7. Countries such as Israel and Switzerland have high levels of firearm ownership, yet they have low rates of gun related violence and we should pattern ourselves after these nations. Incorrect. Gun advocates point to Israel and Switzerland as proof that fewer mass shootings are the result of allowing guns and encouraging armed civilians to intercept shooters. Janet Rosenbaum, an assistant professor of epidemiology at the School of Public Health at the State University of New York Downstate Medical Center School, researched firearm ownership and access in Israel and Switzerland. Her study found that gun ownership in both countries is rigorously controlled and is not encouraged. Compared with the U.S., Israel and Switzerland have lower gun ownership rates. Israel, where radical reforms for gun ownership were put into place in 2006, saw a decrease of 40% of suicide among soldiers. Consider that alongside the fact that Israel sends almost all of its youth to the army. Rosenbaum wrote that since gun ownership regulations have gotten more severe, "the lack of guns promotes the lack of firearm violence." Israelis may still be committing acts of violence, but they are certainly not using lethal firearms to do so.6
There is no doubt that the gun debate is being spotlighted in the new media right now and is a highly controversial subject, but with all this data and facts at our disposal, we have to wonder why our elected officials are still sitting on their hands and doing nothing to support change. We as a nation need to rise up and make sure something is done. If we sit back and do nothing, nothing will be accomplished. It begins with one person and one vote. We the silent majority can no longer afford to be mute. Action begins now, contact your local congressmen and voice your concerns. You can also support and join organizations such as The Law Center to Prevent Gun Violence (www.smartgunlaws.org) or The Brady Center to Prevent Gun Violence (www.bradycampaign.org). Start local and think global to make a change.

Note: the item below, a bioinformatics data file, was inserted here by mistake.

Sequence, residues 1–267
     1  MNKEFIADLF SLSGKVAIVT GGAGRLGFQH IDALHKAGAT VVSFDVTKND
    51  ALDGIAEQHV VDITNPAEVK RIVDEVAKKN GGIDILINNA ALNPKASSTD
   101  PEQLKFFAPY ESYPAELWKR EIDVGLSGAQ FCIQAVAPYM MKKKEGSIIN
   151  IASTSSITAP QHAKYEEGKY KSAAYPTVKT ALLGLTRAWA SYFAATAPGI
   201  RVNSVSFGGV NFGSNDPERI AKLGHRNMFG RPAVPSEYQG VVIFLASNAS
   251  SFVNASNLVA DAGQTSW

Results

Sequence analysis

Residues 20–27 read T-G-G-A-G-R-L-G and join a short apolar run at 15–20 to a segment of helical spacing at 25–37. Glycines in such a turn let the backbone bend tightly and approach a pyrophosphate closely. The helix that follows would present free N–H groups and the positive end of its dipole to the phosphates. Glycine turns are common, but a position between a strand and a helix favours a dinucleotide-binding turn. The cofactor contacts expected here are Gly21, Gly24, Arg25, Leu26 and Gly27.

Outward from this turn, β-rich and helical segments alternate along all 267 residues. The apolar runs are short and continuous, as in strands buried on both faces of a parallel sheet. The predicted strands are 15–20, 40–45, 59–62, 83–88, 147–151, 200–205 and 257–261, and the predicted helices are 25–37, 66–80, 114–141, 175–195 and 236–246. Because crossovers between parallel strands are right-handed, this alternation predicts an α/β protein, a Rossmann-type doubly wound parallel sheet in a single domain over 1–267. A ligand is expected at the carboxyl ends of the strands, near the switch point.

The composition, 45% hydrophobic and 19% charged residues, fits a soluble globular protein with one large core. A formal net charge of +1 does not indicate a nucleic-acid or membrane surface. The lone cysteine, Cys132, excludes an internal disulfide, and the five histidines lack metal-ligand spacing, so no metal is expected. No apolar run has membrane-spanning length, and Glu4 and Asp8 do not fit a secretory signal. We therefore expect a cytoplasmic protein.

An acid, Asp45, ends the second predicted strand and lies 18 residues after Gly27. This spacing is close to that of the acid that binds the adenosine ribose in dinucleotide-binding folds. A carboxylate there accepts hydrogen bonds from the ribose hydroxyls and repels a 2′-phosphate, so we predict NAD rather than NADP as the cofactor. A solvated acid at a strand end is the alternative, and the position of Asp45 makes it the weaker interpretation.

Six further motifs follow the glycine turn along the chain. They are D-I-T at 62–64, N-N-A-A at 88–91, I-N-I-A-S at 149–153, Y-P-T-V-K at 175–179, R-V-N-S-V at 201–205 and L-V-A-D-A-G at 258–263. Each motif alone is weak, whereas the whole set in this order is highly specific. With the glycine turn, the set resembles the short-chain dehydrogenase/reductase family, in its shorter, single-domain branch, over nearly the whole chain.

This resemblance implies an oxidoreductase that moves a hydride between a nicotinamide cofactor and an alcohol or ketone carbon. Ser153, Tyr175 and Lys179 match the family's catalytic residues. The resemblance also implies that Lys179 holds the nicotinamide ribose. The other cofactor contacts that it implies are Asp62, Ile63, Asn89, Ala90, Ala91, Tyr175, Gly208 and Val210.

1Michael Siegel, Craig S. Ross, and Charles King III. “The Relationship Between Gun Ownership and Firearm Homicide Rates in the United States, 1981–2010.” American Journal of Public Health. November 2013. Accessed 18 June 2014. http://ajph.aphapublications.org/doi/abs/10.2105/AJPH.2013.301409?journalCode=ajph&&&.
2Johnson, Patrick. “UMass – Lowell Survey Shows Most Americans Support Increased Gun Restrictions.” Masslive.com, November 2013. Accessed 18 June 2014. http://www.masslive.com/news/index.ssf/2014/05/umass-lowell_survey_shows_most.html.
3Florida, Richard. “The Geography of Gun Deaths.” The Atlantic, 13 January 2011. Accessed 18 June 2014. http://www.theatlantic.com/national/archive/2011/01/the-geography-of-gun-deaths/69354/.
4Washington Post. “Deadliest U.S. Shootings.” Washingtonpost.com, 23 September 2013.
Accessed 18 June 2014. http://www.washingtonpost.com/wp-srv/special/nation/deadliest-us-shootings/.
5Charles C. Branas, Therese S. Richmond, Dennis P. Culhane, Thomas R. Ten Have, and Douglas J. Wiebe. “Investigating the Link Between Gun Possession and Gun Assault.” American Journal of Public Health, November 2009. Accessed 18 June 2014. http://ajph.aphapublications.org/doi/abs/10.2105/AJPH.2008.143099?journalCode=ajph.
6Rosenbaum, Janet. “Gun Utopias? Firearm Access and Ownership in Israel & Switzerland.” PMC U.S. National Library of Medicine National Institute of Health, 17 November 2011. Accessed 18 June 2014. http://www.ncbi.nlm.nih.gov/pmc/articles/PMC3267868/.
Michael Thomas Barry is the author of numerous books that include the award winning, Murder and Mayhem 52 Crimes that Shocked Early California, 1849-1949 (2012, Schiffer Publishing). The book was the WINNER of the 2012 International Book Awards and a FINALIST in the 2012 Indie Excellence Book Awards for True Crime. Visit the author's website for more information: www.michaelthomasbarry.com.
The book can be purchased from Amazon through the following link: